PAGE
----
injury and illness rates (Federal Register, 1997). This information is similar to that required by the BLS; however, the new rule requires incidence rates rather than just absolute values and also requires that the employer be identified. BLS reporting is, on the other hand, confidential. OSHA sought this surveillance capacity in order to target its enforcement actions to the most hazardous work sites.
Through its Office of Training and Evaluation, OSHA had a training budget of $2.4 million in FY 1997. This office administers training grants to safety and health organizations, employer associations, labor groups, and educational institutions. Grants are geared to employers and employees who are in industries or establishments with significant injuries or hazards. In addition, OSHA offers safety and health courses through the OSHA Training Institute and Education Centers. The Training Institute has outreach education centers in each OSHA region of the United States. The Training Institute fulfills part of OSHA's responsibility to oversee all aspects of health and safety programs for federal employees.
OSHA's broad standard-setting authority leaves the agency with a great deal of discretion. Not surprisingly, the agency's approach has varied with changes in presidential administrations, and the efficacy and cost-effectiveness of OSHA health and safety standards have been subject to considerable debate. Critics have claimed that the existing standards tend to regulate trivial risks with unnecessary specificity in a one-size-fits-all mode, with little significant impact on injury rates. They argue that OSHA regulations should be subject to cost-benefit analysis (Viscusi, 1983; Mendeloff, 1979) or that safety standard setting should be abandoned in favor of an ''injury tax," leaving it to employers to take safety precautions to minimize their tax liability (Nichols and Zeckhauser, 1977). OSHA's defenders argue that neither of these proposals will adequately protect worker safety and that OSHA should be strengthened so that it has adequate resources to regulate more effectively (McGarity and Shapiro, 1993).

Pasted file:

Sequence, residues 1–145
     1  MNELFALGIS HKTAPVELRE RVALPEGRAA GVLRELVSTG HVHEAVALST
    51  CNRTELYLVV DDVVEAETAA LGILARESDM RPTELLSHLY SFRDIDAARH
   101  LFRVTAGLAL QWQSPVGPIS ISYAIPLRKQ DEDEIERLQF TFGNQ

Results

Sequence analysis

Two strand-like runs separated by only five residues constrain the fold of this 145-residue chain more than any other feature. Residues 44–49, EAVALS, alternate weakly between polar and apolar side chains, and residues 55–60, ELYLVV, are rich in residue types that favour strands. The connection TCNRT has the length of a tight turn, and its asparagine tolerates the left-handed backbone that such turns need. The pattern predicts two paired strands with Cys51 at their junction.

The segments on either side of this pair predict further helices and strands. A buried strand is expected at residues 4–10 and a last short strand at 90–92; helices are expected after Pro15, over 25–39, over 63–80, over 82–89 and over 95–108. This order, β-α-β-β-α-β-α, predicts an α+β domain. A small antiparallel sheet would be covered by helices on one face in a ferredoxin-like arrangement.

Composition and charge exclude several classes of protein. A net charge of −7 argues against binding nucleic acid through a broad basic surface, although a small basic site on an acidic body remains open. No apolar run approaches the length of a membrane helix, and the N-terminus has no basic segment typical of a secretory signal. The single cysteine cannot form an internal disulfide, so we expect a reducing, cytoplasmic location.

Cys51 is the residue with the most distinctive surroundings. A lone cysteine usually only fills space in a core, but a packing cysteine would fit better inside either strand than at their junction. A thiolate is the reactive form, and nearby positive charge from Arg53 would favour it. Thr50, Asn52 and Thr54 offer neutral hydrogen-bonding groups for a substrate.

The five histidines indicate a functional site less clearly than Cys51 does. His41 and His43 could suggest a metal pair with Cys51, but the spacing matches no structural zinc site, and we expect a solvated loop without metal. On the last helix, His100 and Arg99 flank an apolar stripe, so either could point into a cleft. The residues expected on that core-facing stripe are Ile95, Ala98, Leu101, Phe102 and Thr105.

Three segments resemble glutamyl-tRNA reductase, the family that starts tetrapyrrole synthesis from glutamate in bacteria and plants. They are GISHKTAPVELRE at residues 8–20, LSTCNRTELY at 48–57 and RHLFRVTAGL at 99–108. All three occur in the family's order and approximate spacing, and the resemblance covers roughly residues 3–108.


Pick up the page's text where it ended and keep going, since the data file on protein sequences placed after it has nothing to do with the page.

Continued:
Outcome studies of OSHA regulation have been inconclusive. Overall, the most reasonable assessment is that OSHA safety regulation has probably had a modest effect in reducing workplace injuries against the general backdrop of a long-term decline (Dewees et al., 1996). Evaluation of OSHA reform proposals lies outside the scope of the present study. However, a key element of any reform strategy is to strengthen the information systems on which employers and the agency rely to identify hazards and make decisions about conducting inspections, proposing corrective action, and standard setting. The challenge is to